Wolverhampton was at the forefront of the movement to establish schools of art and design, and opened a small school of art and design in Castle Street, towards the end of 1851.

The art master was Mr. H. Chittenden, and the honorary secretary was Mr. Charles Benjamin Mander. The classes were in drawing and designing. They became extremely popular, and led to the raising of subscriptions for a much larger, purpose-built building.

Wolverhampton’s New School of Art

Land was acquired in Darlington Street, on the corner of Art Street, for the new Government School of Practical Art, a handsome Greek-style, stone-fronted building, the first purpose-built school of art in the country. The foundation stone was laid by Lord Hatherton on the 21st June, 1853. The building, designed by Edward Banks, and built by John Elliot, was completed at a cost of about £2,300. It opened in 1854, not long after the start of the Crimean War.

The opening ceremony took place on the 1st August, 1854. Earl Granville who presided, was supported by Lord Dartmouth, Lord Lyttelton, Lord Hatherton, Thomas Thorley, M.P., John Neve (mayor), Rev. J. B. Owen, Rev. William Bevan, George Briscoe, William Tarratt, John Shaw, George Wallis, H. Chittenden, and Charles Benjamin Mander. Lord Hatherton was elected, first president of the school.

Shortly after the official opening, Henry Loveridge became chairman, and Charles Benjamin Mander became honorary secretary. Mr. H. Chittenden soon retired as headmaster, and was replaced by Mr. J. W. Muckley, who was later replaced by Mr. Archibald Gunn.


The School of Art in Darlington Street. Courtesy of Steve Martin.

The north façade faced Darlington Street, and the entrance was in Art Street on the eastern side of the building. The entrance led into the foyer and the staircase. On one side was an 18 feet by 14 feet committee room, with an identical room on the other side for the headmaster. Beyond the foyer was the elementary room, 43 feet by 26 feet, followed by the modelling room, 39 feet by 18 feet. There were also toilets and cloak rooms. The library, the painting room, and the antique room were on the first floor, all lit by skylights. The porter’s flat was in the basement.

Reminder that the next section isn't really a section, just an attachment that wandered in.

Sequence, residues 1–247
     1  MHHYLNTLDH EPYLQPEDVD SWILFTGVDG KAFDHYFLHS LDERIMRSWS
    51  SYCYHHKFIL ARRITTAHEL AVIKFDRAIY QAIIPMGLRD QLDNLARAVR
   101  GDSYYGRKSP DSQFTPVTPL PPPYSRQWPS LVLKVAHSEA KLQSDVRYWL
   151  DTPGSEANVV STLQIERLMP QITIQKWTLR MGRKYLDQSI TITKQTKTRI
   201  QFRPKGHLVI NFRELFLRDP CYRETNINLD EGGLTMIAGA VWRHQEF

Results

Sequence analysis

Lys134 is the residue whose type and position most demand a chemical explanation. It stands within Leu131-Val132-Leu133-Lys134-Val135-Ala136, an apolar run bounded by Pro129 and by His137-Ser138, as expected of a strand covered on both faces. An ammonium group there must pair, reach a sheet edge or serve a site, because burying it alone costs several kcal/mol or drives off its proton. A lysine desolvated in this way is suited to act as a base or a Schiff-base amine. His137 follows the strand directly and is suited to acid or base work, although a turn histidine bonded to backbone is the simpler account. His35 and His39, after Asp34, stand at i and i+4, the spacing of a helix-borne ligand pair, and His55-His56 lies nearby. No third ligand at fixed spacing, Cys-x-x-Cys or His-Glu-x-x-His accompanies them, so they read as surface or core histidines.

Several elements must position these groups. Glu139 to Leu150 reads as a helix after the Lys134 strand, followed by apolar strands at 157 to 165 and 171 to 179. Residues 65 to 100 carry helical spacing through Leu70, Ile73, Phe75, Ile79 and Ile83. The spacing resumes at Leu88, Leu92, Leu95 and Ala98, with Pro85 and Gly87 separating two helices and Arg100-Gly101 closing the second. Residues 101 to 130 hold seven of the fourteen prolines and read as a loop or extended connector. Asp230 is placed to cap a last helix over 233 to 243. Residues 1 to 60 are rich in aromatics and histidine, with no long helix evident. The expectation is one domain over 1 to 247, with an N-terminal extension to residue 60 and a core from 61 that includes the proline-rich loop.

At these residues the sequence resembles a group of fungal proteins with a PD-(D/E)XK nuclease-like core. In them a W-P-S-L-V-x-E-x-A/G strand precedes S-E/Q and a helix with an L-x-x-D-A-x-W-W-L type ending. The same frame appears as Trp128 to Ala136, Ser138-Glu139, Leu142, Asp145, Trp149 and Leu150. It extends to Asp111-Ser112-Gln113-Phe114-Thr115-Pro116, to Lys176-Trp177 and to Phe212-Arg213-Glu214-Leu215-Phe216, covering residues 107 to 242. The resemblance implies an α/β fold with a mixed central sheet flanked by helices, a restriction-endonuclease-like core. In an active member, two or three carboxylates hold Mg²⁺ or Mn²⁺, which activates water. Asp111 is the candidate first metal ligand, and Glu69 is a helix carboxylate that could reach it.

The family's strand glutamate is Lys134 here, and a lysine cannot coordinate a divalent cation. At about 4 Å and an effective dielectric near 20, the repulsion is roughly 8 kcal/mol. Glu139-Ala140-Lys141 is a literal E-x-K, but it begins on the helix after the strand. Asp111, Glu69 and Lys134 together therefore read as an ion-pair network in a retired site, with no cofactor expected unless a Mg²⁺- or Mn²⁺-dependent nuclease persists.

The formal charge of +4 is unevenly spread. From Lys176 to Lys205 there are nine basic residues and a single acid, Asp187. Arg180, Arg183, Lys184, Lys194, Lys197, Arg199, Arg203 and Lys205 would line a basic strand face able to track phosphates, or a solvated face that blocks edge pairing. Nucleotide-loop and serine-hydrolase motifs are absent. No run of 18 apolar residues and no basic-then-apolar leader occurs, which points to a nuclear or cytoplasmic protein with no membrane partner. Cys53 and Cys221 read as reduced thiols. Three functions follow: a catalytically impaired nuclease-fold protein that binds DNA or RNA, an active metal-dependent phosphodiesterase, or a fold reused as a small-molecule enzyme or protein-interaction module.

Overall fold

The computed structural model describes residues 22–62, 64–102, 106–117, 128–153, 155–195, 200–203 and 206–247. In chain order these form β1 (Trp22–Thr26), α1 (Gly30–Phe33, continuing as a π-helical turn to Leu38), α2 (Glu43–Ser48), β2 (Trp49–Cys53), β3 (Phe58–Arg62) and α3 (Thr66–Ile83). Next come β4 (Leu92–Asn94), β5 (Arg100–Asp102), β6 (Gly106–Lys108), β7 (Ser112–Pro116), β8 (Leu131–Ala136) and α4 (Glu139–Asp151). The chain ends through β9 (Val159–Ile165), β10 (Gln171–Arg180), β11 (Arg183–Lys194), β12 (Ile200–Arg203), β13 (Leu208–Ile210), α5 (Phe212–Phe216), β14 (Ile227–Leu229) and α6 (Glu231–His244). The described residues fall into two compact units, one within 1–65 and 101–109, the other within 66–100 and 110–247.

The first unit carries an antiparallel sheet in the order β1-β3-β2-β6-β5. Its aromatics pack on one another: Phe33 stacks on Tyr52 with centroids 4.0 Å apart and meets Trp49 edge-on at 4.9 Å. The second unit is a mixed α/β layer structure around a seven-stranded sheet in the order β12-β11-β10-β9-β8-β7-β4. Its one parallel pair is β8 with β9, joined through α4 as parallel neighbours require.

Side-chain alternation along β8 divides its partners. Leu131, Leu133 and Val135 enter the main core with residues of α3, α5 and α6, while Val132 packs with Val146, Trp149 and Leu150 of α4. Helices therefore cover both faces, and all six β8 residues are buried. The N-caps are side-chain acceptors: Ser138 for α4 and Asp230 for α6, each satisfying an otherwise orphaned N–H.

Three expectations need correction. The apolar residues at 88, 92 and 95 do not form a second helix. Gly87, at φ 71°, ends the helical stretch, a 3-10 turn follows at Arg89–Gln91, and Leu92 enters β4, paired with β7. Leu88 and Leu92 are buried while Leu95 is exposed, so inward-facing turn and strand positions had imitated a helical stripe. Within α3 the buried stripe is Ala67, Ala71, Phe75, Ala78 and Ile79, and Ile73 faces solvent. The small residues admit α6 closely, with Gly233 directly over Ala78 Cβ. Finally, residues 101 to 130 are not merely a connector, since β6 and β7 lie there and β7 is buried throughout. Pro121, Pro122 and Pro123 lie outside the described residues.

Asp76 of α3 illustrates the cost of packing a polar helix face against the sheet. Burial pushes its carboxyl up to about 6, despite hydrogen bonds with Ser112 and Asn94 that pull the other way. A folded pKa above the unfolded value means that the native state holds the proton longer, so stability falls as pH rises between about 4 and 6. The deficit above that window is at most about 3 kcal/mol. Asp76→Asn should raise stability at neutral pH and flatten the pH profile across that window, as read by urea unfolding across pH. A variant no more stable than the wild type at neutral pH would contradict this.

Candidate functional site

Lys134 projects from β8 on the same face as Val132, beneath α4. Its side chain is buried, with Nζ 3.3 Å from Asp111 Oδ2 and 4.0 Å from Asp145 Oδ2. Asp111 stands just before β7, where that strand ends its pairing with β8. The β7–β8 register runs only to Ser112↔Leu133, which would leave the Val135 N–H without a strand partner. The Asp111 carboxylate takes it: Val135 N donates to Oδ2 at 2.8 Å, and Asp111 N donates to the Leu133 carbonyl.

The principal staff are listed in Harrison, Harrod, & Company’s 1861 Directory and Gazetteer as follows:

President, Lord Lyttleton; Vice Presidents, George Briscoe, and Charles Corser; Treasurer and Honorary Secretary, Charles Benjamin Mander; Headmaster, J. W. Muckley; Second Master, Edward R. Taylor; School Warden and Collector, Augustus Ovey.

The classes were well attended, and the original subscribers continued to support the school, but within a few years the school began to struggle financially. The management committee felt that such an undertaking, which was open to all who chose to use it, should no longer be a burden on the small number of subscribers. It should be under the control of the Corporation, and supported by the local ratepayers. They felt that if the Free Libraries Act of 1850 was adopted, a rate might be levied for a free library, and school of art. In 1860, Councillor Charles Benjamin Mander moved a resolution at a meeting of the town council, to this effect, which was accepted. Unfortunately at a subsequent meeting of ratepayers under the chairmanship of the mayor, the resolution was violently opposed and rejected, after a noisy demonstration.


The side and back of the school, as seen from Art Street. The main entrance is behind the telephone box. Courtesy of Steve Martin.

Undaunted, the school managed to keep going. In 1873 there were 178 students receiving instruction in art and science. Seven of them gained Queen’s prizes, eleven gained second class certificates, and a large number obtained certificates of merit. By this time Mr. T. Vincent Jackson had been appointed as honorary secretary of the school.

In 1883 when building work on the new art gallery in Lichfield Street was underway, the school’s management committee decided to sell the school building, and to use the proceeds to move the school into new premises that would adjoin the art gallery. The building was then offered for sale.


 

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